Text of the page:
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Finally Cleared for Surgery

After being declared cancer-free, Ed found himself back in the doctor's office again.
PUBLISHED August 23, 2017
Edward D. McClain retired from the U. S. Department of Commerce in 1995 and has been living in Rehoboth Beach, Delaware, since 1996. Ed likes to work for his church, hunt, fish and collect rare firearms. He enjoys professional football, cooking shows and action TV shows/films but will not watch game shows nor talk shows. Ed is a two-time survivor of CLL, by the Grace of God.
One month has passed since the oncologist declared Ed cancer-free. Now he was back in Dr. Asif’s office for a one-month follow up.  
“Well”, spoke Dr. Asif, “Have you had your aortic valve implant?”  

  “No,” Ed replied   

“Oh,” Dr. Asif responded. “Why not? I cleared you with the cardiologist.”   

Ed began to explain how he spent a week in Washington Med Star undergoing evaluation for the procedure only to be rejected because approval from the FDA was not forthcoming for the experimental implant of an artificial aortic valve by catheterization. Ed’s situation was just not critical enough for the minimally invasive procedure. However, the staff at Washington Med Star agreed that Ed needed aortic valve replacement by open heart surgery and it needed to be done very soon.   

“Have you been scheduled for that surgery?” inquired Dr. Asif.   

“Yes”, Ed replied,” It will be done next week at Peninsula Regional Medical Center in Salisbury, Maryland.”   

“All right,” Dr. Asif responded, “I will send my concurrence to Dr. Sunnergren, your cardiologist. Your white cell count has dropped since lasted month, but you are still OK to proceed with the surgery. I do want to see you again one month after surgery. You are mildly anemic and we may need to start you on an iron infusion. I will schedule you for a blood draw and visit with me. The staff will notify you.”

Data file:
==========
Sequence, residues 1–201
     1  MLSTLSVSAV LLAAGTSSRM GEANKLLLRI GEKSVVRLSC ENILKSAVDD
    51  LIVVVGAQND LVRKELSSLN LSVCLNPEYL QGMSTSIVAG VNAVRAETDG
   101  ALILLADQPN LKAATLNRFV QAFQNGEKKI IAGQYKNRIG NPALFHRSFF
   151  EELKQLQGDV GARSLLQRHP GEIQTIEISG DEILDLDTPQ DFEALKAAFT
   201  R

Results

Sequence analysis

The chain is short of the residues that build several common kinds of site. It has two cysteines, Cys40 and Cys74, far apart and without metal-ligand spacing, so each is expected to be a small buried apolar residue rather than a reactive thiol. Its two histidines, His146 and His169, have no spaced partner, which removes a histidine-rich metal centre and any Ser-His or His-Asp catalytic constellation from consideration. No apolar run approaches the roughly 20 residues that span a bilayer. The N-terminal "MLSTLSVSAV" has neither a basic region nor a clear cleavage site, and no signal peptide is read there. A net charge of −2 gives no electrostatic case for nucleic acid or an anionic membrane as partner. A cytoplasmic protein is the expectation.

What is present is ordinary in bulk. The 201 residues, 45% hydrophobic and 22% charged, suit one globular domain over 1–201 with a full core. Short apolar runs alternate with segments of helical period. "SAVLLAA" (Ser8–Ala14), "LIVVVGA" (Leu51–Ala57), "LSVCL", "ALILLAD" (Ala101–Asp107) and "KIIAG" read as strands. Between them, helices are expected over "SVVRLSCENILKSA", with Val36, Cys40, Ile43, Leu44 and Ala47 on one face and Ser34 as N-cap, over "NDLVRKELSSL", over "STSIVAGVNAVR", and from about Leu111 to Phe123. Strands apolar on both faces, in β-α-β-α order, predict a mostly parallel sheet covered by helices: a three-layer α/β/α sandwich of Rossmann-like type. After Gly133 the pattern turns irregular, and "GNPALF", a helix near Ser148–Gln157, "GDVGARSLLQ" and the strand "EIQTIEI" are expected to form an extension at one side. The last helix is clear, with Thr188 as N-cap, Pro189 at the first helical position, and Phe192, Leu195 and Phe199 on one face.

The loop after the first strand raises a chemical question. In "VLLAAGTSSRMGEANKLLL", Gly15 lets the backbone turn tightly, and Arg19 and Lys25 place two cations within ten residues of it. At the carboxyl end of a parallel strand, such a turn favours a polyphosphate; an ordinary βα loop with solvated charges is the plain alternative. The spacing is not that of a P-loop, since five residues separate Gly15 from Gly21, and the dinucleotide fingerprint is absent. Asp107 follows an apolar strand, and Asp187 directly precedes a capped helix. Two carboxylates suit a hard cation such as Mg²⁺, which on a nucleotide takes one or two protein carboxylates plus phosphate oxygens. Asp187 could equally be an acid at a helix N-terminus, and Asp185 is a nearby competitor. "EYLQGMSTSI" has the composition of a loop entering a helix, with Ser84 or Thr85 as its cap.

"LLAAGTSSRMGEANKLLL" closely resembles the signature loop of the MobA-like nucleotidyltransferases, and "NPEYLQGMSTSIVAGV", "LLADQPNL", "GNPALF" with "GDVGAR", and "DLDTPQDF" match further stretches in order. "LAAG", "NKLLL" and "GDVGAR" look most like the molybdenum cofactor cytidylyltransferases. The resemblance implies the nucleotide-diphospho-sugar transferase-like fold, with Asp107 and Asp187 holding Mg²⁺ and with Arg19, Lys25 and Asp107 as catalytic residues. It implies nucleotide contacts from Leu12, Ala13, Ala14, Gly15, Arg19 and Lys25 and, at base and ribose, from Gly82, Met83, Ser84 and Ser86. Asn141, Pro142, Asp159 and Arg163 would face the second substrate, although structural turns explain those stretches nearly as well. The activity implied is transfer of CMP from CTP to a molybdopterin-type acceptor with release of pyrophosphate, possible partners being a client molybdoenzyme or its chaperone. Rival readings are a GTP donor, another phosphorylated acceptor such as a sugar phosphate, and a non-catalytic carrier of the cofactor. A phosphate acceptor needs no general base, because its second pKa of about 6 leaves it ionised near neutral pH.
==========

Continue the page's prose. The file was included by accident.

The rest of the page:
Ed has been through quite a lot in the past three years, and the closer it got to the date of his open-heart surgery, the more his anxiety started to mount. Ed had requested a prescription for tranquilizers, which was provided by the heart surgeon. Ed had the prescription filled but never took a single pill. That strange emotion, he has felt before, was overwhelming him. Hope was still there and comforting.   

The surgery went very well and when Ed awoke from the anesthesia, all the anxieties were gone.   

Ed’s recovery was rapid and Ed left the hospital after a few days and entered home care nursing. After one week, the visiting nurse released Ed from care because he had recovered so quickly. Ed thought, “It was because of Pattie my wife and caregiver.”  

The past three years had been hard on her too, but she never gave up hope and supported and cared for Ed all the time. Three weeks later, Ed was back in Tunnel Cancer Center for lab work preceding his monthly follow up with Dr. Asif.   

Dr. Asif reviewed the lab results and informed Ed he had become very anemic. His white cell count had dropped by 50 percent since his last visit only one month ago and was down to 2000.  

“We must start the iron infusion right away. I am ordering an injection of Filgrastim today before you leave. Ferric Carboxymaltose will be given next week by infusion to help counter the anemia. We will begin monthly injections of Vitamin B12. These will all help to strengthen your immune system.”   

The following week, Ed arrived for his iron infusion. As he was in the waiting area, Kimberly, one of the nurses from the infusion room, came to escort him back into the infusion room. Once more, Ed’s weight was recorded and he answered the 20 questions, while Nurse Lisa helped hook-up the plumbing for the infusion.   

The infusion began slowly as always but would be increased when the nurses could determine Ed was not going to have an adverse reaction to the ferric carboxymaltose.   

It was almost like “old home week” as Ed renewed acquaintances with the nursing staff in the infusion room. Soon, after about two hours, the infusion was complete and Ed was released.   

There are some possible side effects to taking ferric carboxymaltose but the only thing Ed noticed was spells of vertigo, which were bothersome, but began to subside after two weeks. Ed did not like that feeling of dizziness and would recline is his chair until it passed.   

Only two more ferric carboxymaltose injections to go, one month apart.   

The peace of feeling, the comfort of being well, recovered and in remission was something Ed had not felt for quite some time.   

“Be anxious for nothing, but in everything by prayer and supplication, with thanksgiving, let your requests be made known to God; and the peace of God, which surpasses all understanding, will guard your hearts and minds through Christ Jesus.”---Philippians 4: 6-7
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